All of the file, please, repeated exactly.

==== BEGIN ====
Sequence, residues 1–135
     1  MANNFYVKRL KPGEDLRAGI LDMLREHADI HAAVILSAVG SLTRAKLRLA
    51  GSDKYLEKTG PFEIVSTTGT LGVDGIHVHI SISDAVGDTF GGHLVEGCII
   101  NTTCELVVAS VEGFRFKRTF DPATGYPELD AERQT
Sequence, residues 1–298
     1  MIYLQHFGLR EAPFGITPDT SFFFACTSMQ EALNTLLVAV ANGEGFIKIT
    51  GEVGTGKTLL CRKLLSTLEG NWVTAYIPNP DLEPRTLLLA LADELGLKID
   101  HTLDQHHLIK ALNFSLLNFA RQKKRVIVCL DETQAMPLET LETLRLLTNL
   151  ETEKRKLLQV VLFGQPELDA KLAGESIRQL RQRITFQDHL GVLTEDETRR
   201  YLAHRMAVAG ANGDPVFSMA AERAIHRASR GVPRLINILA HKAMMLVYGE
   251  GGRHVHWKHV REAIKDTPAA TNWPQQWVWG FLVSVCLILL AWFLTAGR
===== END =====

Sequence, residues 1–135
     1  MANNFYVKRL KPGEDLRAGI LDMLREHADI HAAVILSAVG SLTRAKLRLA
    51  GSDKYLEKTG PFEIVSTTGT LGVDGIHVHI SISDAVGDTF GGHLVEGCII
   101  NTTCELVVAS VEGFRFKRTF DPATGYPELD AERQT
Sequence, residues 1–298
     1  MIYLQHFGLR EAPFGITPDT SFFFACTSMQ EALNTLLVAV ANGEGFIKIT
    51  GEVGTGKTLL CRKLLSTLEG NWVTAYIPNP DLEPRTLLLA LADELGLKID
   101  HTLDQHHLIK ALNFSLLNFA RQKKRVIVCL DETQAMPLET LETLRLLTNL
   151  ETEKRKLLQV VLFGQPELDA KLAGESIRQL RQRITFQDHL GVLTEDETRR
   201  YLAHRMAVAG ANGDPVFSMA AERAIHRASR GVPRLINILA HKAMMLVYGE
   251  GGRHVHWKHV REAIKDTPAA TNWPQQWVWG FLVSVCLILL AWFLTAGR